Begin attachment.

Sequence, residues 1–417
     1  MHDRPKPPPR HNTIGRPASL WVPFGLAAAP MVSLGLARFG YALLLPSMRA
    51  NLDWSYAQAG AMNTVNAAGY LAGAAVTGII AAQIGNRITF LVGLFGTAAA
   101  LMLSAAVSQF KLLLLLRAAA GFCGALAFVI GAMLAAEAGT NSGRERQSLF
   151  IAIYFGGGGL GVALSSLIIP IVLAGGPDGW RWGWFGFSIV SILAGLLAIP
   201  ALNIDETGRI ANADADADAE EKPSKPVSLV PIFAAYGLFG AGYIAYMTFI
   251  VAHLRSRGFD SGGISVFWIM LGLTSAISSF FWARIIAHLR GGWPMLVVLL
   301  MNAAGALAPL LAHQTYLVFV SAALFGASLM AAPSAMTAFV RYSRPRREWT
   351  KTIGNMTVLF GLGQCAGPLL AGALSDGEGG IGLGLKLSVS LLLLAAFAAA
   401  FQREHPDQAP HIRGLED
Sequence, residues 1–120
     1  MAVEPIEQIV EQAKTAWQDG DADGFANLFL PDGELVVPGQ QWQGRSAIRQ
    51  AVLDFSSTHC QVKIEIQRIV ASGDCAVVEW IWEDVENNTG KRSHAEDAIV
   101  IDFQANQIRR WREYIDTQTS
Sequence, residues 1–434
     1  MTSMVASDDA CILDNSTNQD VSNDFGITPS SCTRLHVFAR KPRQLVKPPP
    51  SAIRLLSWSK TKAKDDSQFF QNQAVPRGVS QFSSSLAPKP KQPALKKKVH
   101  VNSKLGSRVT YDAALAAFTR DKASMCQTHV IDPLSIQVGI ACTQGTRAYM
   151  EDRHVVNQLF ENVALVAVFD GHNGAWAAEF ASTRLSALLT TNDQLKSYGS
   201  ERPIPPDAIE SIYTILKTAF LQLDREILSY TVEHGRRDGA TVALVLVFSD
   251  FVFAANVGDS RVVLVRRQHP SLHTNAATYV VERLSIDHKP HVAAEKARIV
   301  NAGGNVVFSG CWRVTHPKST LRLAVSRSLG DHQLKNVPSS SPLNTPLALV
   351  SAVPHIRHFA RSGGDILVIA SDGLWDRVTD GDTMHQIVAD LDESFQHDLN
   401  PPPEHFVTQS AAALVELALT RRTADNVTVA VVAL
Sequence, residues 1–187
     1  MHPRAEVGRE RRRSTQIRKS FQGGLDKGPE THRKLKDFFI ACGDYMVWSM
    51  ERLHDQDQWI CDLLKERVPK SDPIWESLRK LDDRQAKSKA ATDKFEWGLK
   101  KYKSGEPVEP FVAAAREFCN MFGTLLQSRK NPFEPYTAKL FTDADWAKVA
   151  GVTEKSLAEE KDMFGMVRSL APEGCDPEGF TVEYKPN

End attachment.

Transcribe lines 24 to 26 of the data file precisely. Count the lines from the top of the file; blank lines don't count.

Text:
   401  PPPEHFVTQS AAALVELALT RRTADNVTVA VVAL
Sequence, residues 1–187
     1  MHPRAEVGRE RRRSTQIRKS FQGGLDKGPE THRKLKDFFI ACGDYMVWSM